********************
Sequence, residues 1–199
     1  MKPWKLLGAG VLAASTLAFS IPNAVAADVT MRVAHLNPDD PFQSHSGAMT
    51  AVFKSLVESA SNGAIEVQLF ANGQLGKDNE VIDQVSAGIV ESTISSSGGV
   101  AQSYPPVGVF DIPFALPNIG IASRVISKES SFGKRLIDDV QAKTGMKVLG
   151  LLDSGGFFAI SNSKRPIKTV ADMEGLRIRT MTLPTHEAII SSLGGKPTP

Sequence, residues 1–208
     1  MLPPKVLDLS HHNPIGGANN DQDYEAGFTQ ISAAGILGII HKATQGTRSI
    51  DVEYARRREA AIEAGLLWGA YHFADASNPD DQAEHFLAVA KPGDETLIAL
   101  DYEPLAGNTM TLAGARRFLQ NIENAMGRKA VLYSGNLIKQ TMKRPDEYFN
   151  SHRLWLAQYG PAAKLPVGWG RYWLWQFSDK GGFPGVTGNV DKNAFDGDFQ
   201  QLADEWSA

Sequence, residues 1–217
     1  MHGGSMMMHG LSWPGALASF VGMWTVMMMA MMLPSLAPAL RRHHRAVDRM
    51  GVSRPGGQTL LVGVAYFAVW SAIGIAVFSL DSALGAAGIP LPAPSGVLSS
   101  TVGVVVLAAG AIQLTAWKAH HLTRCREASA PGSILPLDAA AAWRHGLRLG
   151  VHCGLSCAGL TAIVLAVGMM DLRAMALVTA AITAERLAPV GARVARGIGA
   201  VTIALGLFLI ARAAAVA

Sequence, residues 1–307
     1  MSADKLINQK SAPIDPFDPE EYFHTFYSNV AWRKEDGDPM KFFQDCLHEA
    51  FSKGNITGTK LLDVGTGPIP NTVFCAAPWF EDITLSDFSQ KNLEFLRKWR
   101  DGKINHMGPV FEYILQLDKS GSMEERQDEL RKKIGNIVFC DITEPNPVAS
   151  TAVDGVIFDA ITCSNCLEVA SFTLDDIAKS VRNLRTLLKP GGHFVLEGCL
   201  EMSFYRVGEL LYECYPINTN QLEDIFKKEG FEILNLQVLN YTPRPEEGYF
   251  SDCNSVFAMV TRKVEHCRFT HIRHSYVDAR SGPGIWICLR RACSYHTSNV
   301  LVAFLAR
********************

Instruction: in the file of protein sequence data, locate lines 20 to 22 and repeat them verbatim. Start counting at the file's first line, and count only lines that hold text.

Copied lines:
    51  FSKGNITGTK LLDVGTGPIP NTVFCAAPWF EDITLSDFSQ KNLEFLRKWR
   101  DGKINHMGPV FEYILQLDKS GSMEERQDEL RKKIGNIVFC DITEPNPVAS
   151  TAVDGVIFDA ITCSNCLEVA SFTLDDIAKS VRNLRTLLKP GGHFVLEGCL